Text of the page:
I thought Clemson would need to play a perfect game to beat Alabama, and they played far from it. But they were able to extend the game to a point no team had ever really done against the Crimson Tide, and they executed perfectly when it mattered most on those final two possessions.

The final FEI ratings below still have Alabama ranked No. 1 and Clemson ranked No. 2. The head-to-head matchup represents 11.4 percent of Clemson's final rating and 12.5 percent of Alabama's final rating. The Tigers finished the year with eight opponent-adjusted single game efficiency ratings in the 90th percentile in all of college football. Alabama had 12 such games.

The biggest difference between the two teams' overall FEI ratings is their worst performances of the year. Alabama's 48-43 victory over Ole Miss (47th overall in FEI) ranks in the 84th percentile, and the loss to Clemson ranks in the 87th percentile. Clemson's 30-24 win over Troy (77th percentile) and 43-42 loss to Pittsburgh (69th percentile), both at home, were worse than either of Alabama's two worst games in terms of opponent-adjusted efficiency. They weren't albatrosses -- Clemson finishes with the best FEI rating for a No. 2 team I've measured -- but the Alabama resume is still distinct.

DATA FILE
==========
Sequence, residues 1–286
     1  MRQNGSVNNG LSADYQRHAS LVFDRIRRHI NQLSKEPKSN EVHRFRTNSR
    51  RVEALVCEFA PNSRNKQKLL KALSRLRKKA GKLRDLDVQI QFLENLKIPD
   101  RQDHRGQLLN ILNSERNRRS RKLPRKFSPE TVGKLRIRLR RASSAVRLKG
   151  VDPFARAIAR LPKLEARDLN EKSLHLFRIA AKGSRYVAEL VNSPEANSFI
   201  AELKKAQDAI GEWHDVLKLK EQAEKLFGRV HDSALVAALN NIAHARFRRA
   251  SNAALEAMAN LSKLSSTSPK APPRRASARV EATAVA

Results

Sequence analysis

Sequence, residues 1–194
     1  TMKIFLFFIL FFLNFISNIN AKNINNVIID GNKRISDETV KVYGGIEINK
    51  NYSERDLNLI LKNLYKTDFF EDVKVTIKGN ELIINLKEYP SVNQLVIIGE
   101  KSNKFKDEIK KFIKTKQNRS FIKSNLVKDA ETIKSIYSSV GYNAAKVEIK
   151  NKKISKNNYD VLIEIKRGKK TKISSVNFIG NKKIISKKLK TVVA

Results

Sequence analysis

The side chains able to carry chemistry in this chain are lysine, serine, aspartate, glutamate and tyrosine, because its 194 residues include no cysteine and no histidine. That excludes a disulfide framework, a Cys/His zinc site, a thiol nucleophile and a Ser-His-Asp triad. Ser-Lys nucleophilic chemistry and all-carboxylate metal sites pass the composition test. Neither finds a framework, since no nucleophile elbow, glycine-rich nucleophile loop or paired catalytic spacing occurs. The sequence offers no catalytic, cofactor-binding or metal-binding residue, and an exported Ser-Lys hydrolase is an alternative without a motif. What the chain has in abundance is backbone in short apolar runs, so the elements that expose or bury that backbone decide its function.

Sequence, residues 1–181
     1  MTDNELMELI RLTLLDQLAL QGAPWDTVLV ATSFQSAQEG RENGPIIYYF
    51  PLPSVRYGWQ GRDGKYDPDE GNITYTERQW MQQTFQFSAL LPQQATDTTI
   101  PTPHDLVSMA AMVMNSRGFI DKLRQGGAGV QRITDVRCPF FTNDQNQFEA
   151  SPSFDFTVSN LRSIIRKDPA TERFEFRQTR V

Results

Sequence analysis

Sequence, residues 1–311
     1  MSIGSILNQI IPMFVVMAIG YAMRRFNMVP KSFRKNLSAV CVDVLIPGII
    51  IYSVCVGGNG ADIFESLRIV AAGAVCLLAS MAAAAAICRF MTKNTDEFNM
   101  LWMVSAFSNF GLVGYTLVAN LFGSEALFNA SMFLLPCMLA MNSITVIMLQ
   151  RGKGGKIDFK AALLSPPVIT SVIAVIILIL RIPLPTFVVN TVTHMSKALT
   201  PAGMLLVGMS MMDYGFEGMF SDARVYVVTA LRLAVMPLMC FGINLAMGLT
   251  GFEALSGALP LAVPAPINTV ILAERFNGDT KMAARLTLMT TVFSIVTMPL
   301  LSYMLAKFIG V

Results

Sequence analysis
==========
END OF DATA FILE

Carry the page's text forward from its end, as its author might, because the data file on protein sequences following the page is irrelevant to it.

Alabama won the national championship in 2011 but finished third overall in FEI. This year they stand ahead of the team that dethroned them. Sometimes the games play out as expected, and sometimes even that isn't enough.

FEI Final Ratings

The Fremeau Efficiency Index (FEI) is a college football rating system based on opponent-adjusted drive efficiency. Approximately 20,000 possessions are contested annually in FBS vs. FBS games. First-half clock-kills and end-of-game garbage drives and scores are filtered out. Unadjusted game efficiency (GE) is a measure of net success on non-garbage possessions, and opponent adjustments are calculated with special emphasis placed on quality performances against good teams, win or lose. Overall SOS ratings represent the likelihood than an elite team (two standard deviations better than average) would go undefeated against the given team's entire schedule.